Immigration experts are forecasting 2020 to be a year of significant changes in immigration laws and policies. Employers should be aware of these potential changes so that they can anticipate and adapt their business practices in response.
U.S. Citizenship and Immigration Services (USCIS) is proposing substantial fee increases for visa applications. These sharp hikes in fees primarily appear to affect companies that employ temporary foreign workers. For instance, USCIS is proposing a 22% increase in the fees for an H-1B specialty occupation visa. USCIS also intends to impose an additional $4,000 fee when some companies file for a visa extension, which often has been a necessity in light of USCIS approving H-1B visa applications for only weeks or months at a time.
The next significant changes impact the H-1B visa process. USCIS has made major policy changes aimed at prioritizing foreign workers who hold a master’s degree or higher. Employers also must use a new electronic registration system to register their prospective employees for the H-1B visa lottery, as well as pay a $10 registration fee per employee. If USCIS chooses their registrations in the lottery, only then will employers submit full H-1B visa applications.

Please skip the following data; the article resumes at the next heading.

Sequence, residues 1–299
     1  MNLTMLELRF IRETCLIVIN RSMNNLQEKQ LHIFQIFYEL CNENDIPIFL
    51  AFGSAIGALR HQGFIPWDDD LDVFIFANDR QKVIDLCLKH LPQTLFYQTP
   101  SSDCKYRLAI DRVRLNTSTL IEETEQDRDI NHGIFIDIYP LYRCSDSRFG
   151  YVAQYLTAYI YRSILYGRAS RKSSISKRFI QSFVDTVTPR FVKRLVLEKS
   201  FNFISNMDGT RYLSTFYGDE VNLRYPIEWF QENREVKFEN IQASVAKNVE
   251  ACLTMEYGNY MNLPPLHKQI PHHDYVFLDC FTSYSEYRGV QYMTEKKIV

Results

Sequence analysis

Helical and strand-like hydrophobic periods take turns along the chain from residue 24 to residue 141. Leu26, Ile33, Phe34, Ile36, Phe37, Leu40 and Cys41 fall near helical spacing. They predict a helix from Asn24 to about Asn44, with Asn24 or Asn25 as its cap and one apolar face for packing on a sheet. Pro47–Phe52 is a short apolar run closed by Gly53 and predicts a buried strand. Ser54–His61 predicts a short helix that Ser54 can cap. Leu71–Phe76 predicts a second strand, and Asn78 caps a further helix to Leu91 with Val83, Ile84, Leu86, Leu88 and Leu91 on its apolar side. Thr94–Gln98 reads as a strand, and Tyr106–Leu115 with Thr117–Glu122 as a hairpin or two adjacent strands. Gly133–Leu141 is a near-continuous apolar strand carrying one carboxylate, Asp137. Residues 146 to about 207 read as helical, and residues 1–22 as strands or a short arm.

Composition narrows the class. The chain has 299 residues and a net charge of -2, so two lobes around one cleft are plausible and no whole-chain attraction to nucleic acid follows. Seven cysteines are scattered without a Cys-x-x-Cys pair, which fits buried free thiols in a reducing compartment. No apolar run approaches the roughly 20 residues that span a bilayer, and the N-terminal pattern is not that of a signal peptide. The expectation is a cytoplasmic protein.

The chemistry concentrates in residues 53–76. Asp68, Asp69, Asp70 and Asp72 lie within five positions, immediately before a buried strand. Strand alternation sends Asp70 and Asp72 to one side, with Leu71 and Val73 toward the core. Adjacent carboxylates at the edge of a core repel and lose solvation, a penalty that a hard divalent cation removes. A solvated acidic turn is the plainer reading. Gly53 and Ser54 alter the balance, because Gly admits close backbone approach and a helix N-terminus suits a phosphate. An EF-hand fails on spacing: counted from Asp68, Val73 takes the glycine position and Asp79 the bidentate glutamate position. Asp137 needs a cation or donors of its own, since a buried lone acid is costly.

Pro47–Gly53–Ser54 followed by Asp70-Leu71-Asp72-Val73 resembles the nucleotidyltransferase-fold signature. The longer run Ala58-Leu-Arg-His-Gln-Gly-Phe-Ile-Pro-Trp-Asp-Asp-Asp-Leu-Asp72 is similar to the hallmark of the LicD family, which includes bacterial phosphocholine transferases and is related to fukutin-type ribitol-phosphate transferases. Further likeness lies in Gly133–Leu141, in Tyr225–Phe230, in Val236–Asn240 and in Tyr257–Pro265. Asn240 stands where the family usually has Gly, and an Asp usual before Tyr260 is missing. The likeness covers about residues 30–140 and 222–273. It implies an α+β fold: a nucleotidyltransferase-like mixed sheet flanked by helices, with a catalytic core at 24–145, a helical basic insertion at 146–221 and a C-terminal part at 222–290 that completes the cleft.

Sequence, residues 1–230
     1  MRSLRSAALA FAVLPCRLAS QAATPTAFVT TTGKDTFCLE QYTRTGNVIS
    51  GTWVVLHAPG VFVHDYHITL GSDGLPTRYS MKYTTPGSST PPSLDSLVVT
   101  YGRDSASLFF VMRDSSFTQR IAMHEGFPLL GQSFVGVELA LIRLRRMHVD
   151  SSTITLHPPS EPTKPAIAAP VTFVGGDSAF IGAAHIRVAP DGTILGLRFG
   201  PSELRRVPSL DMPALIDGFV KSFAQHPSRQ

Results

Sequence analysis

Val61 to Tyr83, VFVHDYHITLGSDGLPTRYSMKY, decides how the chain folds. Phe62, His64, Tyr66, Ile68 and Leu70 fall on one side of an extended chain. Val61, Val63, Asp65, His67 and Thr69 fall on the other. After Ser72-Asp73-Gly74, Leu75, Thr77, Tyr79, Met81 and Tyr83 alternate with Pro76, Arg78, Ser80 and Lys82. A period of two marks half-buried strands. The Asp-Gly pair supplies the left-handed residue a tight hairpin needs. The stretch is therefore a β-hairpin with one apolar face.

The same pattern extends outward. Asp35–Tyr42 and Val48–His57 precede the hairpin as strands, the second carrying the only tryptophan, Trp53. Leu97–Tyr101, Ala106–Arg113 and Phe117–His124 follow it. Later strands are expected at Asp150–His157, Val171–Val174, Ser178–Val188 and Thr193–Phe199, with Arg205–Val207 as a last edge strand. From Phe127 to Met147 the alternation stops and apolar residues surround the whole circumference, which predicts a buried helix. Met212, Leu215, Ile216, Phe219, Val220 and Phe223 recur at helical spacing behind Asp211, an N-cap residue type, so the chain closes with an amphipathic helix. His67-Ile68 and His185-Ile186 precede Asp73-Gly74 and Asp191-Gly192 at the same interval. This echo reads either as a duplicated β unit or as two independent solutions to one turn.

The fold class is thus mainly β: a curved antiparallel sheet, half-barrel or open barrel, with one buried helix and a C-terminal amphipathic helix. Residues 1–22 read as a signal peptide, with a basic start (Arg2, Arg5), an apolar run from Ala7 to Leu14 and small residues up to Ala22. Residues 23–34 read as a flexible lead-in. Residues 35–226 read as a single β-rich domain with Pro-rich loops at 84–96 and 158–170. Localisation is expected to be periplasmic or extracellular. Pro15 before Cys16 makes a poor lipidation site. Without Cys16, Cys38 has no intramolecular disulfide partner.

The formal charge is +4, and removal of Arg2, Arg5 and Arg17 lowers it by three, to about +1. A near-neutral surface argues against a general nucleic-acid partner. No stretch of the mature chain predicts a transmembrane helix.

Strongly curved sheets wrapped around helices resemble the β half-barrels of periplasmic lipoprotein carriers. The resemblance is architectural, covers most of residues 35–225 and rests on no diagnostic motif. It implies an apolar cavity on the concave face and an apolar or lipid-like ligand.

Immigration advocates are eagerly awaiting the U.S. Supreme Court’s decision on the Trump Administration’s authority to end the Deferred Action for Childhood Arrivals (DACA) program. The justices’ response to oral arguments in the case seems to signal that the high court will continue to back the Trump Administration, as has been the trend in recent decisions. The question then remains whether Congress will be able to save the program through legislation; although the House passed a bill last fall, the Senate has yet even to consider the proposal.
A federal court challenge and plans by the U.S. to gut the optional practical training (OPT) program also could profoundly impact the ability of colleges and universities to draw international students to study in the U.S. OPT currently allows foreign graduates of U.S. educational institutions to work in the U.S. for specific periods to gain additional training.
Finally, the Trump Administration plans to follow through on its promise to rescind the work authorization of some spouses of H-1B workers who are present under H-4 visas. The Administration is likely to make this change effective later this year.
Our goal is to assist you with your immigration concerns, whether family or business-based. We can evaluate your situation and develop a strategy that is most likely to be efficient and effective in your case. Regardless of the immigration matter that you are facing, the attorneys of Peek & Toland have the experience, knowledge, and reputation that you want and need to advocate on your behalf. When results matter most, contact us at (512) 474-4445.